Bows bolster B.O.

Spielberg, Coens' pix enliven o'seas frame

Spirited bows by “A.I. Artificial Intelligence” in France and Belgium and an encouraging world preem by the Coen brothers’ “The Man Who Wasn’t There” in the U.K. injected some life into a generally listless frame overseas last week.

Among the other sparse highlights, “American Pie 2” rocked Norway and Sweden and “Moulin Rouge” was on-song in South Korea.

Steven Spielberg’s “A.I.” reigned in France, its last major stop, mustering $2.8 million on 687 screens, beating “Cast Away’s” opening in Paris and surrounding suburbs by 33% and “Apollo 13” by 11%. The sci-fier posted Warner Bros.’ best debut of the year in Belgium, notching $440,000 on 72, nearly 9% ahead of “The Sixth Sense.” “A.I.’s” foreign cume levitated to $146.4 million, led by Japan’s remarkable $77.7 million.

Launching in Blighty ahead of its domestic preem Friday, “The Man Who Wasn’t There” materialized with $601,000 on 140 screens, No. 1 in the capital and the Coens’ second-highest opener in the U.K. behind “O Brother, Where Art Thou?” The critics raved, some touting Billy Bob Thornton’s perf as worthy of an Academy Award.

‘Pie’ well baked

The frame’s top earner, “American Pie 2” minted $9.8 million from 2,242 engagements in 15 countries, hoisting cume to $73.2 million. The sequel grabbed $604,000 on 40 in Norway (14% ahead of the original and 75% better than “Austin Powers 2”) and $295,000 on 40 in Sweden (60% up on the first “Pie”).

The laffer fell by 40% after a spunky bow in France, collaring a terrif $9.4 million in 12 days, and has amassed $19.9 million in 17 days in the U.K. and $27.3 million in 32 days in Germany.

“Moulin Rouge” rang up $785,000 on 98 in South Korea, Fox’s biggest non-holiday debut ever there.The tuner slipped by 12% in Germany, orchestrating a fair $3.3 million in 11 days. Cume hit $79.9 million.

The Michael Douglas starrer “Don’t Say a Word” picked up $672,000 on 169 Down Under and a top-ranked but not stellar $359,000 on 177 in Brazil, in both markets better than “A Perfect Murder.” In Oz the thriller trailed Aussie comedy “The Man Who Sued God,” which commanded a merry $770,000 on 226.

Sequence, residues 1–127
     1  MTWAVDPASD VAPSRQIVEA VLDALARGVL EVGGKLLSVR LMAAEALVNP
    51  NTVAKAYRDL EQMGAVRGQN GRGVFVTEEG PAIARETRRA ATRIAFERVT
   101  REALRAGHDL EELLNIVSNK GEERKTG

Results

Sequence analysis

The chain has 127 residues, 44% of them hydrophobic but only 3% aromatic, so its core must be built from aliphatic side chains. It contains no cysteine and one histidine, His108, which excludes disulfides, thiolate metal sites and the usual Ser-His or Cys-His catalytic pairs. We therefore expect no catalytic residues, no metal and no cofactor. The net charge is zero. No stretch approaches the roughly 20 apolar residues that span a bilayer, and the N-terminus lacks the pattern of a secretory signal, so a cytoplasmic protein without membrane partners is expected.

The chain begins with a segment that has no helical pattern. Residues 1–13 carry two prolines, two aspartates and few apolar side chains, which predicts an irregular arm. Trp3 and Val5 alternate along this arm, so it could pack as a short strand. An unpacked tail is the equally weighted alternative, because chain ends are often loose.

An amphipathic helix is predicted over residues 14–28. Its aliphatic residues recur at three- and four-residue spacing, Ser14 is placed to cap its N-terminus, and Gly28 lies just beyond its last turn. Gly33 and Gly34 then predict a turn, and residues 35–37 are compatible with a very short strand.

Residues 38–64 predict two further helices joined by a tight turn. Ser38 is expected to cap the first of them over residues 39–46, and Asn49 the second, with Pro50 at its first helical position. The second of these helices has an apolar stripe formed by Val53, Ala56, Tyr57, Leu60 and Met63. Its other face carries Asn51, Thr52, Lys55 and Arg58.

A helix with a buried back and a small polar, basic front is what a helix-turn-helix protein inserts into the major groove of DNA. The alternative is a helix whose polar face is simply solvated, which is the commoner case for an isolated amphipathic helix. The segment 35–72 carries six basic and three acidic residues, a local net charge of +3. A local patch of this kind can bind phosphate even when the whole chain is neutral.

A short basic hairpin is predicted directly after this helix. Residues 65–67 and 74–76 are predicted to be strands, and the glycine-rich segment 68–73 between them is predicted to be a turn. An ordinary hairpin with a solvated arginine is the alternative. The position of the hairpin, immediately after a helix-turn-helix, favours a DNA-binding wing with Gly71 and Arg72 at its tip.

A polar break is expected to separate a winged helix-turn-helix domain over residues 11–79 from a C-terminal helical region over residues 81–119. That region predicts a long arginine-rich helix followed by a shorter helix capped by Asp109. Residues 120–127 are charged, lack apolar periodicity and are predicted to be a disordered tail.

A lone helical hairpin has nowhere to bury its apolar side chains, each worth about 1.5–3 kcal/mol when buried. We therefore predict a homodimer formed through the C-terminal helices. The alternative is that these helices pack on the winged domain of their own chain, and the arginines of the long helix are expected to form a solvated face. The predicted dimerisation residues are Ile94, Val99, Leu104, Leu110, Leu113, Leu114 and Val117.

“Legally Blonde” entered the U.K. at No. 2, courting a solid $2.1 million on 324, including previews, and ruled in the Philippines with $206,000 on 41.

The Keanu Reeves-Charlize Theron coupling “Sweet November” fetched a decent $1.7 million on 244 in Japan, its last major market, ranked second behind local champ “Spirited Away.” A dud in the rest of Asia, Australia, the U.K. and France, and an OK performer in Germany, Brazil, Italy and Spain, “November” has cumed a modest $19.9 million.

‘Score’ settles in

“The Score” top-scored in Spain with a lively $1 million on 249 and fell by 34% in Italy, where the 10-day tally is about $2 million. Compared with domestic’s $72 million, the Robert De Niro headliner isn’t tracking anywhere near as strongly overseas, with an estimated cume of $21 million and Australia and Belgium as the only significant markets ahead.

“The Princess Diaries” is a resonating well in Mexico, penning $2.1 million in 10 days, abating by 26%. But the Disney pic didn’t connect in France ($366,000 on 211), Italy ($279,000 on 173) or Hong Kong ($137,000 on 16). There was better news for Disney in the U.K. where “Atlantis: The Lost Empire” improved by 15% in its second weekend, making $5.8 million to date.

After corpsing in Japan, “Training Day” racked up a respectable $281,000 on 50 in Taiwan. “Bridget Jones’s Diary” took a mild $181,000 on 48 in action-oriented Taiwan but retained pole position in Italy, fetching a smart $4.8 million in 10 days (easing just 12%). Its cume climbed to $182.9 million, also spurred by France’s sparkling $10.7 million through its third sojourn.

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